Immigrants and the U.S. Constitution
Curriculum type: Unit
Academic subject area: History/Social Sciences
States' Career Clusters: Government & Public Administration; Law, Public Safety, Corrections & Secruity
California Industry sector(s): Public Services
Duration: 3 class periods
Grade Targets: 9, 10, 11, 12
Level of Expertise for CTE: All
Standards Addressed: Detailed documentation of alignment with Common Core, State and/or Industry Standards included
Source: Organization/Publisher-developed Credit: P.O.V., Public Broadcasting Service
Curriculum Link: http://www.pbs.org/pov/thesixthsection/lesson_plan.php
One of the duties of legislative aids is to prepare background reports on key issues for the Representative or Senator they serve. In this activity, students will take the role of a Congressional legislative aid serving a House Member representing Newburgh, NY. Students will prepare a report on an issue related to the immigrants they “meet” in the film, The Sixth Section (all of whom live in Newburgh).
Expected Student Outcomes/Objectives
This lesson will help students:
• learn more about current immigrant experience
• investigate U.S. immigration and labor laws
• consider the meaning of citizenship
• gain knowledge about the economics of poverty
• practice research skills
• practice persuasive writing skills
Step 1: Identifying the Issues (40 minutes)
Show The Sixth Section and ask students to think about how government policies might make life better or worse for the men they see in the film.
Note: For teachers wishing to engage students in a deeper discussion of the film, see the discussion guide posted at www.pbs.org/pov/pov2003/thesixthsection/resources_guide.html
Step 2: Assign Groups (20 minutes)
Explain to students that they are legislative aids assigned to help their representative, who serves
Newburgh, NY, figure out what position to take on an issue or piece of legislation that will affect the immigrants living in their district. Students can work as individuals or in groups on any ONE of the issues listed below:
Minimum Wage (Fair Labor Standards Act)
Border Security and Immigration Reform Act
National Labor Relations Act
Remittances and Banking Law Reform
North American Free Trade Act (NAFTA)
Get students started by briefly describing each issue and distributing the handouts provided in this guide.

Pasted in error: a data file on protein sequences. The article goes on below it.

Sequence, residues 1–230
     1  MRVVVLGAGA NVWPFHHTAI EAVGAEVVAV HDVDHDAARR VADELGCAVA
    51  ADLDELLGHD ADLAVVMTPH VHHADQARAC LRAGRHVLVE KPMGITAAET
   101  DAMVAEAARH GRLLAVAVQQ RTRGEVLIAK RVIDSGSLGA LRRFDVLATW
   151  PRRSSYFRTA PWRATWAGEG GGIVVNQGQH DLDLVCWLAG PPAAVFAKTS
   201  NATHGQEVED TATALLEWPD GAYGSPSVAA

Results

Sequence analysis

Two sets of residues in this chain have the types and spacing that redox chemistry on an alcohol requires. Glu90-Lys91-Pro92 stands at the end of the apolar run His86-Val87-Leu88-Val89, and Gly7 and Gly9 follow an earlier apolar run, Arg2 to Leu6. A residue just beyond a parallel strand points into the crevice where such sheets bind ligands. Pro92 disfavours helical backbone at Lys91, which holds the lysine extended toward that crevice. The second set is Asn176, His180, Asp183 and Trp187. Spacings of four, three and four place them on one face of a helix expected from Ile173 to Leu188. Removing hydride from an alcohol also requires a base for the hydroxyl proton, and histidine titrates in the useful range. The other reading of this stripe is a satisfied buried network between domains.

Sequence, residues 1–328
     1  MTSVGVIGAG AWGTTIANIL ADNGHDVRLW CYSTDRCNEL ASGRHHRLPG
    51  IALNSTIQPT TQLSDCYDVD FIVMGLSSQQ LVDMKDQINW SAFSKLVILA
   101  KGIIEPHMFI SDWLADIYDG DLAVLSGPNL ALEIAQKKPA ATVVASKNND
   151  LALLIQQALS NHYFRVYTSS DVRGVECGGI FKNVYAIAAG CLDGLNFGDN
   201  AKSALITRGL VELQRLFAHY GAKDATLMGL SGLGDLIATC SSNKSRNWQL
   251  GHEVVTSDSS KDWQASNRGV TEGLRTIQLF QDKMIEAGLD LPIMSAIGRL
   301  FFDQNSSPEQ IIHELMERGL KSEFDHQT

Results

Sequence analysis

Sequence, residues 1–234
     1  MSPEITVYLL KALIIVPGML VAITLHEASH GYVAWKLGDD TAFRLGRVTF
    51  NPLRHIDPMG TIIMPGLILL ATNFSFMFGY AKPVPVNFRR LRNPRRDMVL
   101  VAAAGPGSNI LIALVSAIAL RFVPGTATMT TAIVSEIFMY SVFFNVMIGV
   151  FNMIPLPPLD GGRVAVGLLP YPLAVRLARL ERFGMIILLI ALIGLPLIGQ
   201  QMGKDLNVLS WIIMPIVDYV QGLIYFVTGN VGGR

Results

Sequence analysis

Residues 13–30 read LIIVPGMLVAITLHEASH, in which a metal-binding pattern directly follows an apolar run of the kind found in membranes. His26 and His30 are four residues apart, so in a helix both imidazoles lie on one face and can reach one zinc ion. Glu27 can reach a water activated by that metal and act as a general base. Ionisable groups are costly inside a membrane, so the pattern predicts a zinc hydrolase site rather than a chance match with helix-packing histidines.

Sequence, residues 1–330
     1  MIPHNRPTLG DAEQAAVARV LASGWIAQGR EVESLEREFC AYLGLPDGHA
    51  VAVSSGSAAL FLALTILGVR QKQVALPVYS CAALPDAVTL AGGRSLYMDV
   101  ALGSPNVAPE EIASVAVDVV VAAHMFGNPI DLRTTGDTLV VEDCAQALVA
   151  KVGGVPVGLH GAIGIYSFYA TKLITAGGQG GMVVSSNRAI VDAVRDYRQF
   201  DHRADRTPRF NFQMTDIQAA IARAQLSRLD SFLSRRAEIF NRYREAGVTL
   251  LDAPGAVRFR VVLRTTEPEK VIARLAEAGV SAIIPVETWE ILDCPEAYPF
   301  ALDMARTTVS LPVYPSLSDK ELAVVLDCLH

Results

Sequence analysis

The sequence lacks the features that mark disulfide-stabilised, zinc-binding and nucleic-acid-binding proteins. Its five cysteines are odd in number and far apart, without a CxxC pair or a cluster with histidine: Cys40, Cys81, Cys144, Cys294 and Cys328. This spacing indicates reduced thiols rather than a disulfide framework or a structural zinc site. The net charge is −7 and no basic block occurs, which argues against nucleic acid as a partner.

Step 3: Preparing the Report (outside of class)
Students will research their issue and write a 2-5 page report for their legislator that includes:
The Introduction – a brief summary of the essence of the issue and the position they are recommending.
The Argument – the major evidence in favor of their position
The Counterargument – the major evidence against their position and an explanation of why that evidence is not as convincing as the evidence in favor of their position.
The Conclusion – a summary of the position that logically flows from their argument.
Step 4: Class Discussion (one class period)
Hold a class discussion about each of the assigned issues. Ask students to consider whether their position might change if they were writing the report for a legislator from a different part of the country (e.g., the Texas border instead of Newburgh, NY).
Culminating Activity and/or Assessment
Step 5: Assessment
Ask students to draft reports of their recommendations, including the evidence supporting their position. Evaluate the reports on clarity and quality of argument. If reports are unacceptable, ask students to re-write until they are of high enough quality to send to their elected Federal representatives and members of the U.S. Senate and House of Representatives who deal with immigration and labor issues. Committee assignments are available at: www.congress.org or www.house.gov or www.senate.gov. Reserve 20 minutes of class time later in the semester to share and discuss any responses the students receive.
Instructional Materials Needed
VHS of "The Sixth Section" from PBS POV
VCR & Monitor
Access to the Internet for student research
Instructional Materials Provided
Curriculum instructions, background information, handouts, and additional resource links.
Curriculum free. Film Institutional price: $200; community/grassroots organizations $75 (+$10 shipping); personal use $29.95 ((+$10 shipping)